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Jesse Pasquan: Religion, being gay and suicidal thoughts

Lori White (left), Leilani Walker, Heather Miles and Jesse Pasquan, shown Oct. 1, are some of the organizers of an event planned for Wright Park in support of suicide prevention.
Lori White (left), Leilani Walker, Heather Miles and Jesse Pasquan, shown Oct. 1, are some of the organizers of an event planned for Wright Park in support of suicide prevention. Staff photographer

Jesse Pasquan was a teen stuck between two worlds.

When he was 16, he came out as gay.

Pasquan, a Tacoma native, had been a member of the same church since he was 5. It took a dim view of homosexuality.

“To the point where it wasn’t even talked about,” Pasquan said.

The church did not welcome Pasquan’s news.

“It proved to be not an easy experience,” he said. “Multiple counselors, reparative therapy, years of going back and forth between doing what I thought God wanted me to do and what I thought I needed to do, which put me in a difficult spot.”

Pasquan — now 22 and a student at the University of Washington Tacoma studying social welfare — knew from an early age that he was different from most other boys.

“I was bullied from kindergarten through sixth grade,” he said. “To the point where I was coming home crying every day.”

The experience left him scarred.

“When it happens that young it molds your self-esteem,” he said.

Two other boys in Pasquan’s church came out around the same time he did.

“When we did come out, we had to have weekly meetings with the pastor and outside of church Bible studies,” he said. “That was on top of every other thing that our individual parents were having us do.”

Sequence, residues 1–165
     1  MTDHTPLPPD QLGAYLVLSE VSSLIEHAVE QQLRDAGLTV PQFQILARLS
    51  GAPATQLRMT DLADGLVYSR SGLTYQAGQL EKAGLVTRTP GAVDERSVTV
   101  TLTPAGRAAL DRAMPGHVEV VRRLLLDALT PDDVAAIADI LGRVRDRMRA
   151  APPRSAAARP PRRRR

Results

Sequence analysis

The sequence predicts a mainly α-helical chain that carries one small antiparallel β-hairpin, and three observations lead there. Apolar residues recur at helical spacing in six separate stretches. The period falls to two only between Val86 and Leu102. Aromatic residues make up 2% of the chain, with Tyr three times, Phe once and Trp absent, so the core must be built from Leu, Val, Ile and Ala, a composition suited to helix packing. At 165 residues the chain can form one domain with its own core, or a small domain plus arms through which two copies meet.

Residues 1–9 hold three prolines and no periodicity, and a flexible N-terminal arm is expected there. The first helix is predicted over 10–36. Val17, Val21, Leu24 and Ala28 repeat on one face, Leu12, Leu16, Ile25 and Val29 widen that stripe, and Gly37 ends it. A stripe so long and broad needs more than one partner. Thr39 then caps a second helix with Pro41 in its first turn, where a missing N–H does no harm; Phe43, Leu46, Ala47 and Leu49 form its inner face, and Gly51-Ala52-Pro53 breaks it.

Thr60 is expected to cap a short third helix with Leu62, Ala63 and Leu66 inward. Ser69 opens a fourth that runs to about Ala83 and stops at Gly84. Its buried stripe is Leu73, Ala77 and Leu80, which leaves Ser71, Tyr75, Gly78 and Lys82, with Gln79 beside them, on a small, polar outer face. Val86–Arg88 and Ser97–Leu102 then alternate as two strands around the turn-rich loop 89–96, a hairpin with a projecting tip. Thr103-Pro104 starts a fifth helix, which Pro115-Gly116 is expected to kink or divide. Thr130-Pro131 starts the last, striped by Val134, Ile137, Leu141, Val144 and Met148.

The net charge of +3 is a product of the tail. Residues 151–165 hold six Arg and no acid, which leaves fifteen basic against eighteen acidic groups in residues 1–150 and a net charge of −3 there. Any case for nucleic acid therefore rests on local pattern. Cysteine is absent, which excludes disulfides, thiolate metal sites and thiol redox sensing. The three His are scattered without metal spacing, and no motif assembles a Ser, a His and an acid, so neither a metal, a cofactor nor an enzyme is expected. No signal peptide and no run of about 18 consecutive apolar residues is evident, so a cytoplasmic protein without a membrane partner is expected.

Pasquan played piano, sang in the choir and worked in the nursery at his church.

“All of those were taken away,” he said. “All three of us worked in the nursery. They didn’t want us helping to raise the next generation of the church. I was told my heart was no longer in the right place.”

At 17, Pasquan thought he was depressed. He starting hurting himself.

“It was a daily battle,” he said.

It also was when suicidal thoughts crossed his mind.

“In the back of my mind, I knew that if things got too hard I could just end my life,” he said.

Looking back, Pasquan wishes he had known that he had national resources such as the American Foundation for Suicide Prevention, and local resources, such as the Rainbow Center and Oasis Youth center, where he now volunteers.

“When people get to that point they don’t think anybody can help them,” he said. “I didn’t think that there were resources for me at that time.”

Depression has the tendency to cloud all thoughts as negative.

“You may (know) you have family that loves you,” Pasquan offered as an example. “But (you think) they wouldn’t care if you were gone. That may not be the case, but when you are in the depressive state, your mind can’t comprehend that.”

At first, Pasquan’s religious parents did not support his sexual orientation.

One night, after leaving a late class at Pierce College, he was followed and threatened by a car of young men making statements against gays. He made it home unharmed.

“I walked inside and started crying,” he said. “My mom walked in and asked what had happened. I explained it to her.”

His mother was unsympathetic to his distress, he said.

Pasquan, then 18, moved out of his home shortly thereafter. The move was rough.

“I struggled with my will to live,” he said. “I know that sounds dramatic, but, basically, that’s what it was.”

Pasquan’s depression continued, he said, and, “I got to the point where I needed to see somebody.”

Pasquan was diagnosed with a moderate form of bipolar disorder.

He said the move away from home was the break he and his parents needed from each other.

“Ever since then we’ve been patching up our relationship and we’re in a really good place right now,” he said.

Pasquan’s parents have since changed churches.

“My parents are now my biggest supporters,” Pasquan said.

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